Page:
The National Institute of Standards and Technology (NIST) is looking for public and private sector experts to take part in an exercise that will evaluate the digital forensics community’s ability to conduct mobile- and computer-based investigations.
In the study, to be conducted online, participants will examine simulated digital evidence, then answer questions that might arise in a real criminal investigation. The exercise should take about two hours, and participation is voluntary. The online test will be available for approximately three months.
“We want to understand the state of the practice,” said Barbara Guttman, leader of NIST’s digital forensics research program. “Can experts produce accurate and reliable information when examining data from a digital device?”
According to NIST, one challenge with digital evidence is that it can often be difficult to find key bits of evidence among large volumes of data. Also, technology changes so quickly that it can be difficult to keep up.
“Forensics experts can’t extract data perfectly in every possible scenario,” Guttman said. “Phones change. Apps change. The world just moves too fast.”
For the NIST black box study, participants will download simulated evidence from the NIST website in the form of one virtual mobile phone and one virtual computer. Such virtual devices, called “forensic images,” are commonly used in digital forensics, and study participants will be able to connect to them using the same software tools they use when working on real cases.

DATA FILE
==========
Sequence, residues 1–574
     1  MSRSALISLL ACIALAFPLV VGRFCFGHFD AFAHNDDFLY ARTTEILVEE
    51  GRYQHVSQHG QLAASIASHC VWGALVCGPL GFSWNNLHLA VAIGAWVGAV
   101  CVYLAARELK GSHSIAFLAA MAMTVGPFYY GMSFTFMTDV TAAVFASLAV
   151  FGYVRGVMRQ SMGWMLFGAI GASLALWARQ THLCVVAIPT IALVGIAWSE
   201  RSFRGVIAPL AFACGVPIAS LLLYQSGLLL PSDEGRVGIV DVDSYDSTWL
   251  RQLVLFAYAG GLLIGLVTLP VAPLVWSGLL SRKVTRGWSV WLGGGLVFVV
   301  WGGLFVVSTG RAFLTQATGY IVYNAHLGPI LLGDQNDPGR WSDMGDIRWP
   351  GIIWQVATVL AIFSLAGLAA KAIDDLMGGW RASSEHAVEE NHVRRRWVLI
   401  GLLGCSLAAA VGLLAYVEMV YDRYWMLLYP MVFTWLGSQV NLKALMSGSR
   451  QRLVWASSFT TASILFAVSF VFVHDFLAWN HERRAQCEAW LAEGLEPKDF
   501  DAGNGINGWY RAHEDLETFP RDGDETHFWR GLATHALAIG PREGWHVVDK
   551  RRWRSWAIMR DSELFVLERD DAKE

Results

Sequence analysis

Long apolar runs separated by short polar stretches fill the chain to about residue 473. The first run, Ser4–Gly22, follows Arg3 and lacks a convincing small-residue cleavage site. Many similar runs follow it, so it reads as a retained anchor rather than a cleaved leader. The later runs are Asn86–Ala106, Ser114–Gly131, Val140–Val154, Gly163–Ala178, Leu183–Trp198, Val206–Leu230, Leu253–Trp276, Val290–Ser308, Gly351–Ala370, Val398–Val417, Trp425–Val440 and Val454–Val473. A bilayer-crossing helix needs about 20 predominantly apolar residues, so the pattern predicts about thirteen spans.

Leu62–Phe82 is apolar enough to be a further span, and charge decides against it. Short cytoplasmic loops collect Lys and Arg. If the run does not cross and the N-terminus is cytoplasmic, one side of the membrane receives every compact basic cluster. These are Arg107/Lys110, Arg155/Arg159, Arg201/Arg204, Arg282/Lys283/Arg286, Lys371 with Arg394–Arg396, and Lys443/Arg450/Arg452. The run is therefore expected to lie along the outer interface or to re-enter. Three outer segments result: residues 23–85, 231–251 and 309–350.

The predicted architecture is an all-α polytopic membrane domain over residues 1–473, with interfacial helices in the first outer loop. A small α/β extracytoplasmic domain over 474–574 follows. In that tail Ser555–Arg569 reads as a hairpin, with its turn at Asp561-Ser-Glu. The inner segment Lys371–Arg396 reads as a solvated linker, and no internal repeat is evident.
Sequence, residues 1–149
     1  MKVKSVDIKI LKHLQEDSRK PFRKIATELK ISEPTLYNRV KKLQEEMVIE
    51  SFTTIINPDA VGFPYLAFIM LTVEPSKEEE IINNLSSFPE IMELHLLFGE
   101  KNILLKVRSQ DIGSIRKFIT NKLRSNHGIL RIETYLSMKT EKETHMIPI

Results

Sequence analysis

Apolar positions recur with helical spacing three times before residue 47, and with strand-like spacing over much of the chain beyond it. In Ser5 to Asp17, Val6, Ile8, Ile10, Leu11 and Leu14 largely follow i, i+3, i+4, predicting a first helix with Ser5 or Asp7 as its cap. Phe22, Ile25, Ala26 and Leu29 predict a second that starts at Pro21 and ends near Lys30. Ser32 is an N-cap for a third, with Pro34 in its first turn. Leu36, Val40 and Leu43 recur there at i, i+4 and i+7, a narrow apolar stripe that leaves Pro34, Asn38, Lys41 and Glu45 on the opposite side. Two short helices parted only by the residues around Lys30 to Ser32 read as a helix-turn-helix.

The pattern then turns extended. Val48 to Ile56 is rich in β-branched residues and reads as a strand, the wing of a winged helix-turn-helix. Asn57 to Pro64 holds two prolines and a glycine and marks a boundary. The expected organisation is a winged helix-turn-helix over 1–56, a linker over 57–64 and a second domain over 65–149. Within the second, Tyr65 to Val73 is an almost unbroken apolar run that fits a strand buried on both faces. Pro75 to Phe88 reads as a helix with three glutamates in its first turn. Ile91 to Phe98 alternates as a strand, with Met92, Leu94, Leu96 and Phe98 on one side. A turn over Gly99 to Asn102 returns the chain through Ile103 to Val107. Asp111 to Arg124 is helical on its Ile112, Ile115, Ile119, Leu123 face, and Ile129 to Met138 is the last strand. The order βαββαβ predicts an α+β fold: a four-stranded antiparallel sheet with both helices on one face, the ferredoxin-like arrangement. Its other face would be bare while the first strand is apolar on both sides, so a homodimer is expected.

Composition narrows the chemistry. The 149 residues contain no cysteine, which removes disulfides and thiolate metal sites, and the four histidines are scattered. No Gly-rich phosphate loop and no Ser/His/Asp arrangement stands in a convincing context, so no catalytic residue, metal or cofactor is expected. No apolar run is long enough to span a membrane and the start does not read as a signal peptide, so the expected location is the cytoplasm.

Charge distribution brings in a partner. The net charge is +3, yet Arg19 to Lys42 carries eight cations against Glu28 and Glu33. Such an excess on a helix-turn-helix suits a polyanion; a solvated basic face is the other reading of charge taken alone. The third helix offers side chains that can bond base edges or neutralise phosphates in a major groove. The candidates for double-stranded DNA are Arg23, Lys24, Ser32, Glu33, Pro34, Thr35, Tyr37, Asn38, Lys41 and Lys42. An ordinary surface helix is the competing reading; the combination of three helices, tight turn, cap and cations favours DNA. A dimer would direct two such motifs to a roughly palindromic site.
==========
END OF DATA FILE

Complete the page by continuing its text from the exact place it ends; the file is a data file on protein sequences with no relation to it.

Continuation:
The study is open to all public and private sector digital examiners who conduct hard drive or mobile phone examinations as part of their official duties. NIST will not calculate the performance of any specific expert or laboratory. Instead, NIST will publish anonymized and aggregated results that show the overall performance for the expert community and different sectors within that community.
According to NIST, the study will fulfill a critical need identified in a landmark 2009 report by the National Academy of Sciences. Titled Strengthening Forensic Science in the United States: A Path Forward, the report called for black box studies to measure the reliability of forensic methods that rely on human judgment. Courts and jurors can then consider the results of those studies when weighing evidence. The results of this study will also provide strategic direction for future research.
The black box study is part of a larger effort to evaluate the scientific foundations of digital forensic methods. NIST is also conducting scientific foundation reviews for DNA mixtures, firearms identification and bitemark analysis.
For more information and to enroll, visit the NIST Blackbox Study for Digital Examiners.